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J Gen Virol. 2001 Mar;82(Pt 3):655-65.

Recombination, pseudorecombination and synergism of geminiviruses are determinant keys to the epidemic of severe cassava mosaic disease in Uganda.

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International Laboratory for Tropical Agricultural Biotechnology (ILTAB)/Donald Danforth Plant Science Center, UMSL/CME-R308, 8001 Natural Bridge Rd, St Louis, MO 63121-4499, USA.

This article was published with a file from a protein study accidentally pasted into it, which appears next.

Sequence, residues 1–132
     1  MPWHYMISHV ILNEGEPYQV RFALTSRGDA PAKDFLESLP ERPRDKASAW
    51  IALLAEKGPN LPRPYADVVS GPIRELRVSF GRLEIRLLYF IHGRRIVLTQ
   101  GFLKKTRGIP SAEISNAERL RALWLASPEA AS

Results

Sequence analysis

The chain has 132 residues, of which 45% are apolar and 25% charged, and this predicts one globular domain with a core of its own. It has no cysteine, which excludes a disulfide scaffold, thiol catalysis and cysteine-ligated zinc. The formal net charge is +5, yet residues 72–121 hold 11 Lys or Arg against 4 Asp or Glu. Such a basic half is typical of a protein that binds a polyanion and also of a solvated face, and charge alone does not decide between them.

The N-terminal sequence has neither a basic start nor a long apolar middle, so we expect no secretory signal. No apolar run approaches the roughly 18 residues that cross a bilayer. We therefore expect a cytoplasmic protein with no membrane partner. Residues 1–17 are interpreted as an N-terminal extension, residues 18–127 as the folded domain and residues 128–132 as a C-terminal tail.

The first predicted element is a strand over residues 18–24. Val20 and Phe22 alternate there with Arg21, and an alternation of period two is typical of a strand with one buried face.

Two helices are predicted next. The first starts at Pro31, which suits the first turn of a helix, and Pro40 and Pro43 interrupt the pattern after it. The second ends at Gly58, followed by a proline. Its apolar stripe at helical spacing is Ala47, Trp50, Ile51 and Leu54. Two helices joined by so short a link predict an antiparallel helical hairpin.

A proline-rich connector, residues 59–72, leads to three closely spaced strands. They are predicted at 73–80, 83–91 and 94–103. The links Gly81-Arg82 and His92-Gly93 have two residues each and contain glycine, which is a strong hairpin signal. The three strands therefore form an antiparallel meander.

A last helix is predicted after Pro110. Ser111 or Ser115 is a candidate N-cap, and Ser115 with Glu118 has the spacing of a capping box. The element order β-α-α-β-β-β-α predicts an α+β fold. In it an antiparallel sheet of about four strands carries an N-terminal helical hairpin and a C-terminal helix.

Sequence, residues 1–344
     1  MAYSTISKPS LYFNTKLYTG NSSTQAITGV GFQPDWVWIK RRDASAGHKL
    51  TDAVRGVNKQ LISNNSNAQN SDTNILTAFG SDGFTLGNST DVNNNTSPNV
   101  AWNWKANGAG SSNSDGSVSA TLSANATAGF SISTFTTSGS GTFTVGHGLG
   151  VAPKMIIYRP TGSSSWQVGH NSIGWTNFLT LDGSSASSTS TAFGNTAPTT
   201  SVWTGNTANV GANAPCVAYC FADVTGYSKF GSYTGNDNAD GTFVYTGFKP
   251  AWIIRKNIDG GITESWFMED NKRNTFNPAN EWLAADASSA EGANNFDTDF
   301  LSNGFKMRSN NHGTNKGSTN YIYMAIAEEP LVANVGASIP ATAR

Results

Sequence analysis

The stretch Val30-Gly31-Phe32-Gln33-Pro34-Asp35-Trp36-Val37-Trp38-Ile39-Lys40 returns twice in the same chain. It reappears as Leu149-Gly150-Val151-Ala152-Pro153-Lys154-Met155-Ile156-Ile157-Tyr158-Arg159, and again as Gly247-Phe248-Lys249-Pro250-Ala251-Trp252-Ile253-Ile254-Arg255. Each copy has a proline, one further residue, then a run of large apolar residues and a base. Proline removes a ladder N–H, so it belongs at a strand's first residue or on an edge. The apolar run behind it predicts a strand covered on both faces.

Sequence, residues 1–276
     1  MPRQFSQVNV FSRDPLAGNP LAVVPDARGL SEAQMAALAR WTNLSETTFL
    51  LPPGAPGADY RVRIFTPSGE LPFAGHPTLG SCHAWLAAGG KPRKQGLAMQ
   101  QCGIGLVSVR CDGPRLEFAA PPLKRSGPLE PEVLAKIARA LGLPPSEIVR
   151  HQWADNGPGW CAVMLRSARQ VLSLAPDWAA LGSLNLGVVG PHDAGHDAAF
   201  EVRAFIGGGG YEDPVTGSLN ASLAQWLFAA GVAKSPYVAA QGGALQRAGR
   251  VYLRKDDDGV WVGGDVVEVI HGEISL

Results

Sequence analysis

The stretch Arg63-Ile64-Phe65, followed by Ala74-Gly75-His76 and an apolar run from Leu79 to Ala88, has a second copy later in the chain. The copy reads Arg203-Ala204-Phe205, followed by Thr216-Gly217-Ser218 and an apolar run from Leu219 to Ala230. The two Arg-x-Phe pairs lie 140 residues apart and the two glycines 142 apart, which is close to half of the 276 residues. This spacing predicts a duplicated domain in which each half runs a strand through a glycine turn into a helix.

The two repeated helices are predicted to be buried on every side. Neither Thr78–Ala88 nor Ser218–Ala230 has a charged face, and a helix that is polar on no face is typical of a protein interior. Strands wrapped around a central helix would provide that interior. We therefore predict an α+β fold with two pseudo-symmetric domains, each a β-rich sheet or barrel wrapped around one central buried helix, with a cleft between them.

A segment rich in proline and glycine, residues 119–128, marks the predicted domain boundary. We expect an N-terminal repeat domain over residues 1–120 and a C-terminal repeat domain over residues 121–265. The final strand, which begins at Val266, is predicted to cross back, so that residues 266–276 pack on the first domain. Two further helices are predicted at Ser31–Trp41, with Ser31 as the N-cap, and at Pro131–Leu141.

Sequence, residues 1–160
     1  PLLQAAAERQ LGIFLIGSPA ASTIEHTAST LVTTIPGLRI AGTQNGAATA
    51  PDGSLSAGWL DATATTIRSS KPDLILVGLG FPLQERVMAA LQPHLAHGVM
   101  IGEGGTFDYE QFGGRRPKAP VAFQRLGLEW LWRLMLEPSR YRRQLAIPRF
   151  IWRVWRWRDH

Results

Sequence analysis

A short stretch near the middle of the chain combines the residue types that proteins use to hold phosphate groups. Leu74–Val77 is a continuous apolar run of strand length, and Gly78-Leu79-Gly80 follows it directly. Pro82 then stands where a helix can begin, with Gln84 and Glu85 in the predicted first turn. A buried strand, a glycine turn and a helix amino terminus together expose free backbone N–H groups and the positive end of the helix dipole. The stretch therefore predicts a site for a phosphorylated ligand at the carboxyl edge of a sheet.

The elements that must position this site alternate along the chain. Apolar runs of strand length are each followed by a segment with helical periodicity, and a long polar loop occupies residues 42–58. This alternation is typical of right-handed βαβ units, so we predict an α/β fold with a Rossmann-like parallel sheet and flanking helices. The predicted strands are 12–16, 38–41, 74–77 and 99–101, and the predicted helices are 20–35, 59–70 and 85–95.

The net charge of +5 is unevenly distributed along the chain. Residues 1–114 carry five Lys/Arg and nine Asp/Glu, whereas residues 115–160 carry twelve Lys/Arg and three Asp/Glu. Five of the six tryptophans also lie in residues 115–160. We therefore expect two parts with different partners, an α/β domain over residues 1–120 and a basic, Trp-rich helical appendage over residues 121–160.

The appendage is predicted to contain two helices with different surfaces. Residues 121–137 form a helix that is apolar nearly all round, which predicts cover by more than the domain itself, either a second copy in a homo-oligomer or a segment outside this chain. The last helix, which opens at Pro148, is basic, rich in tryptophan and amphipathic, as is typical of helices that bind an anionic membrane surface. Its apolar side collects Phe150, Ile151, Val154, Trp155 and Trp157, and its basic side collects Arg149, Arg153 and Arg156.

The molecular variability of cassava geminiviruses occurring in Uganda was investigated in this study. Infected cassava plants and whiteflies were collected from cassava plantings in different geographical areas of the country and PCR was used for molecular characterization of the viruses. Two complete sequences of DNA-A and -B from African cassava mosaic virus (ACMV), two DNA-A sequences from East African cassava mosaic virus (EACMV), two DNA-B sequences of EACMV and the partial DNA-A nucleotide sequence of a new virus strain isolated in Uganda, EACMV-UG3, are reported here. Analysis of naturally infected cassava plants showed various assortments of DNA-A and DNA-B of the Ugandan viruses, suggesting the occurrence of natural inter- and intraspecies pseudorecombinations and a pattern of cassava mosaic disease (CMD) more complex than previously reported. EACMV-UG2 DNA-A, which contains a recombinant fragment between ACMV and EACMV-UG1 in the coat protein gene that resembles virus from Tanzania, was widespread in the country and always associated with EACMV-UG3 DNA-B, which probably resulted from another natural recombination event. Mixed infections of ACMV-UG and EACMV-UG in cassava and whiteflies were detected in most of the regions where both viruses occurred. These mixed-infected samples always showed extremely severe CMD symptoms, suggesting a synergistic interaction between ACMV-UG and EACMV-UG2. The first demonstration is provided of infectivity of EACMV clones to cassava, proving conclusively that the pseudorecombinant EACMV-UG2 DNA-A+EACMV-UG3 DNA-B is a causal agent of CMD in Uganda.

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